Post Intervention and 6 Month Follow-up ITT findings are shown in Table 2. Significant positive post intervention impacts for the MB group were found for maternal coping, depression and stress. Increased coping on the Accepting Responsibilities subscale (p < .01) of the Ways of Coping Scale was found for the MB group. Decreased scores on the Beck Depression Inventory (p < .05) and Perceived Stress Scale (p < .06) were also reported for the MB group. Effect sizes for these findings were (d = .55, d = .38 and d = .35) respectively, suggesting moderately strong treatment effects for these outcomes. No differences were seen at post-intervention on the Life Events Scale. The maternal psychosocial impacts were attenuated at 6 months with no significant differences found for any maternal psychosocial outcome.
Positive impacts were found for two of the five aspects of parent child interaction for which we anticipated program effects (Table 3). A significant positive result was obtained on the Sensitivity of Responses (p < .04) and a positive trend on the Involvement in Child’s Activities (p < .07) items of the KIPS. Effect sizes for these findings were (d = .50 and d = .52) respectively, suggesting moderately strong treatment effects for these outcomes.
To explore how maternal baseline stress may have influenced program impact on outcomes, we dichotomized the sample into mothers with low and high levels of baseline stress. The regression analyses showed that the positive impacts observed for the full sample at post-intervention were evident for MB vs. control mothers with lower levels of stress (Table 4). Additional positive impacts emerged for the MB mothers with low baseline stress on the Ways of Coping subscales: Self-Controlling (B 2.69, p < .05) and Planful Problem Solving (B 2.88, p < .05). These impacts were similar to those reported in the ITT analyses at post-intervention (Table 4).
There was a trend toward improved scores on the Beck Depression Inventory (B −3.77, p < .08) for MB mothers with lower levels of stress at baseline.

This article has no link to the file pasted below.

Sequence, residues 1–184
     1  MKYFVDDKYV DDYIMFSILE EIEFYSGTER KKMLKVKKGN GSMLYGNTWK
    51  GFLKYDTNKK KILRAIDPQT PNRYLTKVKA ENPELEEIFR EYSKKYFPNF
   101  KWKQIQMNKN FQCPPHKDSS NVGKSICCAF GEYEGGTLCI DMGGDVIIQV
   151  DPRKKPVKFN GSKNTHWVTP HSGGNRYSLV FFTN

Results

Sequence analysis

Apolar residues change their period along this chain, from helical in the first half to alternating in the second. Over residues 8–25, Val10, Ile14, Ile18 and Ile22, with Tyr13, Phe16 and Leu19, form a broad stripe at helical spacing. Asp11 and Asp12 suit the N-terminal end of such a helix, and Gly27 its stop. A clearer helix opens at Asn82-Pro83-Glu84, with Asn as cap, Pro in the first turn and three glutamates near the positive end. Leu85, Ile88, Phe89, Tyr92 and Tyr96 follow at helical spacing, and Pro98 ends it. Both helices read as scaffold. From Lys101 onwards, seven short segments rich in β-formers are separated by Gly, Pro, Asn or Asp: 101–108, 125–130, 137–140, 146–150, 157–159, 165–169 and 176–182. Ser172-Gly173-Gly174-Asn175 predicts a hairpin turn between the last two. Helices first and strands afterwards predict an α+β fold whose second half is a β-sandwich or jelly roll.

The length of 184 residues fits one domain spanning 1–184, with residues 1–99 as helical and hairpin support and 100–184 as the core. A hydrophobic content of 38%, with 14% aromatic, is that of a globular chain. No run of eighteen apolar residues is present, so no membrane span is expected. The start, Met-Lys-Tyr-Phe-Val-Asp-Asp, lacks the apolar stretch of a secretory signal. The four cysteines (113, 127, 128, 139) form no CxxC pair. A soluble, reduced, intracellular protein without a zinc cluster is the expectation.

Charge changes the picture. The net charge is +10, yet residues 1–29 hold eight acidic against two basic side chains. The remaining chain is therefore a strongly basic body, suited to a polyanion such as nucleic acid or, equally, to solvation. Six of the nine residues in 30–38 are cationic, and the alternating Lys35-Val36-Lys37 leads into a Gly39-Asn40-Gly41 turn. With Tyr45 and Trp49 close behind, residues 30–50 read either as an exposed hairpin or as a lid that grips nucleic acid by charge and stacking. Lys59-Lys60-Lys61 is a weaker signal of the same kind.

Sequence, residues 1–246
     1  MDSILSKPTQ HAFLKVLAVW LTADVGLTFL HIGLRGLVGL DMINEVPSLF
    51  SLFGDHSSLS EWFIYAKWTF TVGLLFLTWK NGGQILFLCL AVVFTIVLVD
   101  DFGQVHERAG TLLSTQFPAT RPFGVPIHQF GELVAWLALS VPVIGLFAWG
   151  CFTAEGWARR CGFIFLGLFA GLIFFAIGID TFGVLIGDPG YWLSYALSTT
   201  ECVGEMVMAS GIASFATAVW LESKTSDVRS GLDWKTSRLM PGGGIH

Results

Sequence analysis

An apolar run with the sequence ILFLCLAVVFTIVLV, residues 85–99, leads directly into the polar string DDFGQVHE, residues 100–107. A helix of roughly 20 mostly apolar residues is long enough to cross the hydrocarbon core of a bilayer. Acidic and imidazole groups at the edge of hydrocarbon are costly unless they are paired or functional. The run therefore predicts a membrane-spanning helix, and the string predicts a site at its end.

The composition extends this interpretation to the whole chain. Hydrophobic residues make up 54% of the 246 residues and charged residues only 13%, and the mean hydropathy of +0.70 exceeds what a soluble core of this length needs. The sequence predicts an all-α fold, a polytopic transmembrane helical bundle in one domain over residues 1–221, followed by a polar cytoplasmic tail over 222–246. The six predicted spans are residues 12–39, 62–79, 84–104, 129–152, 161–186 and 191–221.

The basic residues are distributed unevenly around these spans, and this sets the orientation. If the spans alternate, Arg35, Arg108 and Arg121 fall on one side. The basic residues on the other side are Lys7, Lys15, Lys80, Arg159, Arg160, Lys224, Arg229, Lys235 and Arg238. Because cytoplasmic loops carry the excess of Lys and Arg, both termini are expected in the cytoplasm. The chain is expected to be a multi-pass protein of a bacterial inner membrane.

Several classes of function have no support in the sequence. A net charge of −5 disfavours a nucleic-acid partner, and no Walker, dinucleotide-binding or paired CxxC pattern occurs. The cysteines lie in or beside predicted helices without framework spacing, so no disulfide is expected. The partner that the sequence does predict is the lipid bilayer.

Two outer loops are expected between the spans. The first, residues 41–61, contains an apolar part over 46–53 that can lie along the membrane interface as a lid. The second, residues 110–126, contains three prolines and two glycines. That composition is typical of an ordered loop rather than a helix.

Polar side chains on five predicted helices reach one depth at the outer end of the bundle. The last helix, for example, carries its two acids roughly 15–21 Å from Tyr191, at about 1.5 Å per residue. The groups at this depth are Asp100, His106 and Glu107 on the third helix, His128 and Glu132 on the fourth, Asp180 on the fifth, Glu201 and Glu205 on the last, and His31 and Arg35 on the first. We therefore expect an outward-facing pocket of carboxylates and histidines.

Maternal psychosocial outcomes at 6-month follow-up by baseline stress level were similar to those seen in the overall analyses with three exceptions. MB mothers with lower levels of stress had a greater reduction in scores on the Self Controlling subscale of the Ways of Coping (B −2.32, p < .10). MB mothers with higher levels of stress had more favorable scores on the Positive Reappraisal subscale of the Ways of Coping (B 3.02, p < .05) and a trend was seen on the Total Affect score of the Life Events Scale (B 4.92, p < .10).
Home visiting has received unprecedented attention in recent years. Funding through the Maternal, Infant, and Early Childhood Home Visiting (MIECHV) Program has increased nearly 50 % since 2011 (Children’s Budget 2015). The intent of the investment has been to support more parents and young children but also to broaden and strengthen impacts by improving service models and implementation systems. Maternal stress and depression’s high prevalence, adverse influence on parenting, and moderation of home visiting effects underscore the need to prevent and address these conditions within the context of home visiting (Ammerman et al. 2007; McFarlane et al. 2014; Tandon et al. 2011).
This study extends previous studies of Mothers and Babies in at least two ways. First, it examined engagement and impacts on outcomes for Asian and Pacific Islander mothers. Second, it included the quality of mother–child interaction as an outcome. In assessing parent child interaction we explored program impacts on the global ratings of individual items of the KIPS rather than using the over-all scale score as designed (Comfort et al. 2011). Our intent in doing so was to increase the sensitivity of measurement by focusing on the subset of items we felt would be influenced by the MB course.